Lessons from the Russian Meteor Blast

The enormous meteorite explosion over Russia offers the strongest motivation yet for investigation of near-Earth objects.

For those who follow the asteroid impact threat, the 300- to 500-kiloton meteor blast over Russia on February 15th was just a matter of time. It shone brighter than the Sun, and when the shock wave swept across cities and towns more than a minute later, it blew out countless windows and injured at least 1,100 people, mostly by flying glass; see many more Russian videos and photos. At least one large meteorite fragment accompanied by small black pieces landed in a lake near Chebarkul, a town in the Chelyabinsk region.

As astronomers are keenly aware, Earth sits in a cosmic shooting gallery. Every day, grains, pebbles, and chunks left over from the formation of the solar system streak into the upper atmosphere. Most vaporize very high, causing no harm and giving us beautiful shooting stars.

Meteorite smoke
The fireball left a record-breaking train across ther daytime sky.
Nikita Plekhanov
But occasionally, perhaps every few decades to few centuries, our planet gets smacked by an object big enough to cause substantial damage. That's what happened February 15, 2013, at 9:20 a.m. local time in the Ural Mountains of west-central Russia (3:20 Universal Time). More news reports.

According to analysis by meteor expert Peter Brown (University of Western Ontario), the incoming meteoroid carried about 300 kilotons of kinetic energy (about 20 Hiroshimas), entered Earth’s atmosphere at 20 kilometers per second (typical for near-Earth asteroids), was about 15 meters (50 feet) across, and weighed about 7,000 tons. It entered the atmosphere at a grazing angle of less than 20° and burst at a height of 15 or 20 kilometers (10 or 12 miles). An early track-back analysis has put the outer end of its former orbit in the asteroid belt.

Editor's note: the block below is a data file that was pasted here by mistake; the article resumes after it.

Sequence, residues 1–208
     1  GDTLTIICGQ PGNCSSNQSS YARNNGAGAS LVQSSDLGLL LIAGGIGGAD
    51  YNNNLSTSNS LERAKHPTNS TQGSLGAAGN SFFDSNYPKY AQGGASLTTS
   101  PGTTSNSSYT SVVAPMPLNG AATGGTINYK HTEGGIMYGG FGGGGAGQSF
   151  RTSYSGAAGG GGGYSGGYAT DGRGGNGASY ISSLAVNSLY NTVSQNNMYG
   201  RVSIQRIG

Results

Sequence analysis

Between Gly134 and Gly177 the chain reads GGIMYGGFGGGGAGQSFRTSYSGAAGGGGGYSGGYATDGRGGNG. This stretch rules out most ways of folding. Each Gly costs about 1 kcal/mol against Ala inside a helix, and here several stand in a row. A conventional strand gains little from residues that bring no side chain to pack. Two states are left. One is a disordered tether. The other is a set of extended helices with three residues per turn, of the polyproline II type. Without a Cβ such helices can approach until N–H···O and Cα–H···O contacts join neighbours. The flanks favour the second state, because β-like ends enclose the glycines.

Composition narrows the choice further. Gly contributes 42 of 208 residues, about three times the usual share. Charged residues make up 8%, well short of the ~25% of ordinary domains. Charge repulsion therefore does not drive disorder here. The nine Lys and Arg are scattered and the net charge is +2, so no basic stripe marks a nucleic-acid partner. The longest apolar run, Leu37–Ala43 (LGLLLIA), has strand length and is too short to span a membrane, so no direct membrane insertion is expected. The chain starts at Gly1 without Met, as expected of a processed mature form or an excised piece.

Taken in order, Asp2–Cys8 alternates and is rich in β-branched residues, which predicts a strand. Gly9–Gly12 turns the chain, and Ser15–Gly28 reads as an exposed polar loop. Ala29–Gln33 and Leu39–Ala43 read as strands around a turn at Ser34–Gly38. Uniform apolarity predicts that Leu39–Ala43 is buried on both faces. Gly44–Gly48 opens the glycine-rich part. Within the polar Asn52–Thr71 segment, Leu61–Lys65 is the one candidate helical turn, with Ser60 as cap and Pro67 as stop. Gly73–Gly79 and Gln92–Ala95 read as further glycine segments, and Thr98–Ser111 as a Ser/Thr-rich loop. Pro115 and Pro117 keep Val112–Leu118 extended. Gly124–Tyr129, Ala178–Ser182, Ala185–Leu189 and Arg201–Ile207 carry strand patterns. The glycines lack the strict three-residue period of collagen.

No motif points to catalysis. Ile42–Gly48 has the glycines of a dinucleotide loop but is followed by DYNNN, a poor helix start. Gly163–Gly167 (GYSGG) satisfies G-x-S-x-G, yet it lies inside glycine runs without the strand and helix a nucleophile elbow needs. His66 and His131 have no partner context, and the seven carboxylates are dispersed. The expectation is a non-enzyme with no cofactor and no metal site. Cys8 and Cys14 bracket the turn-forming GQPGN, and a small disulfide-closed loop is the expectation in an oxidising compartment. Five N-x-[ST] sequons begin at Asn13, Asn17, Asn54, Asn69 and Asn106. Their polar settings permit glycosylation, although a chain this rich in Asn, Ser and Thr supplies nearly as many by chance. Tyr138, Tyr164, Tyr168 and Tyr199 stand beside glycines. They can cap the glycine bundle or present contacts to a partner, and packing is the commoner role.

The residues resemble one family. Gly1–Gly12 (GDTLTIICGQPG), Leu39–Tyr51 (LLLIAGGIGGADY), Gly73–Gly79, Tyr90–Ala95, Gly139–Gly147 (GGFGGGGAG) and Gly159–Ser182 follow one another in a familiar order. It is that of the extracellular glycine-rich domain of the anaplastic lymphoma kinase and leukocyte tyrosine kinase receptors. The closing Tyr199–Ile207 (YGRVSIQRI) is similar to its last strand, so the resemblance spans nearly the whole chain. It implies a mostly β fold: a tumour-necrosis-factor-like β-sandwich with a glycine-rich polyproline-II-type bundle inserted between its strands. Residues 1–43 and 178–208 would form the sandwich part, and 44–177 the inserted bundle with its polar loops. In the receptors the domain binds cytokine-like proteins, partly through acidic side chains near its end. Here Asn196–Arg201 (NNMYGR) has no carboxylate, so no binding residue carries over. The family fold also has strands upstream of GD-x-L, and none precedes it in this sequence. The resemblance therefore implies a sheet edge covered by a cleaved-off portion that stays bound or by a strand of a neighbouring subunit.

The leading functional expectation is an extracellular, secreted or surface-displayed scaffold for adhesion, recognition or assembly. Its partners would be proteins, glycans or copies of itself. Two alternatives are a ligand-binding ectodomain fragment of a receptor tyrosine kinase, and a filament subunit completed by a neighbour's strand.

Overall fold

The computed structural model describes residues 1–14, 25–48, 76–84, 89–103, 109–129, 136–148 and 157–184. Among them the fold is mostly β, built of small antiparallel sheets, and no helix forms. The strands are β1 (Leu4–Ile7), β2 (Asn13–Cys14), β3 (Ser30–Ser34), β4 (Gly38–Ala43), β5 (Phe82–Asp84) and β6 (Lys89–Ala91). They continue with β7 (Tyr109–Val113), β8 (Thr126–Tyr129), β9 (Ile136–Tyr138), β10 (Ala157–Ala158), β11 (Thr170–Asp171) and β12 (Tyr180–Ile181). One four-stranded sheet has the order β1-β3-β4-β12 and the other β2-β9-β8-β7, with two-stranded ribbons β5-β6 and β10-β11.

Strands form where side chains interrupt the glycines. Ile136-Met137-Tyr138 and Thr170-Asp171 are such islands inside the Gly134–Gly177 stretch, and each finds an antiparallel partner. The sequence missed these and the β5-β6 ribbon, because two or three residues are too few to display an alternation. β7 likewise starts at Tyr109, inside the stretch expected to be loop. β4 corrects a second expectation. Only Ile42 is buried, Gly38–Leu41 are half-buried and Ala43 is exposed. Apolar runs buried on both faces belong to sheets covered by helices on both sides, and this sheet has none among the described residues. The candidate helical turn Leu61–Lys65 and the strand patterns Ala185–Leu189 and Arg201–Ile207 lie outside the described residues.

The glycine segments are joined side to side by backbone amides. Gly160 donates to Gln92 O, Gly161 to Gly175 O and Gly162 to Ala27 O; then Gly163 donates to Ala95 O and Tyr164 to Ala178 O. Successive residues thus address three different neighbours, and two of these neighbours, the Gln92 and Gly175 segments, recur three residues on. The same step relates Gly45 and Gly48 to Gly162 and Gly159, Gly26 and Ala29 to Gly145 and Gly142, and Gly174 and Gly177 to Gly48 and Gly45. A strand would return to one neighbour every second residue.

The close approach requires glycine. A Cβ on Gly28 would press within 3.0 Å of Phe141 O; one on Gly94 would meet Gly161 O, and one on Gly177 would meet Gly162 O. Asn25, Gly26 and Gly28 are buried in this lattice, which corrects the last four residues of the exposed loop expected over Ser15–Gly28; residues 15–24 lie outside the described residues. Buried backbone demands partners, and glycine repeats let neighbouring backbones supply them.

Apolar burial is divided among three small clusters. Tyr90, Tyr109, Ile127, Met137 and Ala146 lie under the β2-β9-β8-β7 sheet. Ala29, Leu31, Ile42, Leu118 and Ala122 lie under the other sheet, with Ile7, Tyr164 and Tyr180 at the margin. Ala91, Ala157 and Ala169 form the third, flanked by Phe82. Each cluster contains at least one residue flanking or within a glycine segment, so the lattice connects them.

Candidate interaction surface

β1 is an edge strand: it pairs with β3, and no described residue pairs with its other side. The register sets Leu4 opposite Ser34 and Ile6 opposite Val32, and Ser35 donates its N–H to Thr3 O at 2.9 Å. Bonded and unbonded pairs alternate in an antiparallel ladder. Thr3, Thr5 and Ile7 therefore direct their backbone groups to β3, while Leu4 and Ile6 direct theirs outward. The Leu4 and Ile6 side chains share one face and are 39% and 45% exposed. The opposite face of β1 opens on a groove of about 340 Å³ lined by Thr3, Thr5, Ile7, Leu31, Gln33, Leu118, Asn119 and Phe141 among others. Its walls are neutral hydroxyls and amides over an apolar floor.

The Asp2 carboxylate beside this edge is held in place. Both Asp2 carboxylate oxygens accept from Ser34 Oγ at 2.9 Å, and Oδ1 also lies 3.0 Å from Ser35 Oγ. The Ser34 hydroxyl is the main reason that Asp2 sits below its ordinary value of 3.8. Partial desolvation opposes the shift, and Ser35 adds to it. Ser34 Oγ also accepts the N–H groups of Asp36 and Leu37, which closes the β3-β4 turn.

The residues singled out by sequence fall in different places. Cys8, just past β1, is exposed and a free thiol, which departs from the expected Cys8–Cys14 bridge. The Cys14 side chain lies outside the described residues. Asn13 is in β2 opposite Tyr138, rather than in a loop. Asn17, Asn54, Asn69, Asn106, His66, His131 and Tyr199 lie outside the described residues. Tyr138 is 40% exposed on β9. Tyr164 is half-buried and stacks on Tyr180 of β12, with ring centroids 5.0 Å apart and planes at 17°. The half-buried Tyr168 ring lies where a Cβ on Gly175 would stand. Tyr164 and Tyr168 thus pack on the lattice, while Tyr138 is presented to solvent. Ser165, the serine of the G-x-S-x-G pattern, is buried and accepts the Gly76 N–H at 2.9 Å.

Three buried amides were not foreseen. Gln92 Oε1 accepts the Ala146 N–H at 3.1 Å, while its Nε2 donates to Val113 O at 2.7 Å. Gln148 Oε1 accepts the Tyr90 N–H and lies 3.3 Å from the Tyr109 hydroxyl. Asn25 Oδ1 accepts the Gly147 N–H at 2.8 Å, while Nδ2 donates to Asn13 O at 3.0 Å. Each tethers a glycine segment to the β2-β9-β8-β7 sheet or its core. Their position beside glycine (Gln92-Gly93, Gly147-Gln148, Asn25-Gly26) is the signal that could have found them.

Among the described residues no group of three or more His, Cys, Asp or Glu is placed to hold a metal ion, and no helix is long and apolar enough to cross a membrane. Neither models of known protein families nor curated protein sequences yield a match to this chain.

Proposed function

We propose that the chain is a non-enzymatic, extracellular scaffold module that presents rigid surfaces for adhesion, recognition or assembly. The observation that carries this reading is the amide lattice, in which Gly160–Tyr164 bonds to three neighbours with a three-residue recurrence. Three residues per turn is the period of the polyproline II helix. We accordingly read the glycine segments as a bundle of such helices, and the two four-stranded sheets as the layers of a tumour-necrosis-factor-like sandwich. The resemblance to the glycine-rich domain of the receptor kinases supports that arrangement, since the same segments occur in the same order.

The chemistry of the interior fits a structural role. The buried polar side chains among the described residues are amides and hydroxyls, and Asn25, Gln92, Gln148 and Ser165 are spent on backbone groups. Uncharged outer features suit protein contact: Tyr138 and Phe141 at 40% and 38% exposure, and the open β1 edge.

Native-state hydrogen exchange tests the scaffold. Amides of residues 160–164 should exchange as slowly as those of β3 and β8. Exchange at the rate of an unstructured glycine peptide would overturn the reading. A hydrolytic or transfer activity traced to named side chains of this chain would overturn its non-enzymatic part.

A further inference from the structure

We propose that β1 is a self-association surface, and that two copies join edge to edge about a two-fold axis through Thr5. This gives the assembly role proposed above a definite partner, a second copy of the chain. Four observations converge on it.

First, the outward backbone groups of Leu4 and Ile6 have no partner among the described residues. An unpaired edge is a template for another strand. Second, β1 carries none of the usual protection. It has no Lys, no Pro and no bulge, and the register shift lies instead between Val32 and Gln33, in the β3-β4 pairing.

(UPDATE: Later in the day NASA released its own estimates: a 10,000-ton object and 500 kilotons of energy.)

This makes it the largest object to hit Earth since the Tunguska event in 1908, beating the Sikhote-Alin meteor in 1947 (also in Russia).

What will probably go in the books as the "Chelyabinsk meteor" fragmented near the city of Chelyabinsk and south of Yekaterinburg. The shock wave shattered glass in at least six cities and towns. Fortunately, we have heard no reports of fatalities, but several dozen people were hurt badly enough to require hospitalization. Obviously, our thoughts and prayers go out to these people, and we wish them a speedy recovery.

Watch another video of the incoming fireball:

By an amazing cosmic coincidence, the impact occurred just 16 hours before the predicted flyby of the larger asteroid 2012 DA14. Because the two objects were moving in completely different directions, there’s no chance the two events are related.

"This meteor event is in no way related and can't be associated with DA14," says Dan Durda (Southwest Research Institute). "It's complete coincidence."

But this one-two combo should serve as a wake-up call that we need to take the impact threat seriously. Unlike today’s object that broke up over Russia, 2012 DA14 is large enough that it could cause widespread destruction if it actually hit our planet.

Meteorite video stills
With the dramatic video footage, hundreds of injuries, and mass media coverage, I hope and expect that today’s meteor explosion over Russia will serve as a watershed event in public understanding of the impact threat. Astronomers have been warning us for many years that we need to take the impact threat seriously.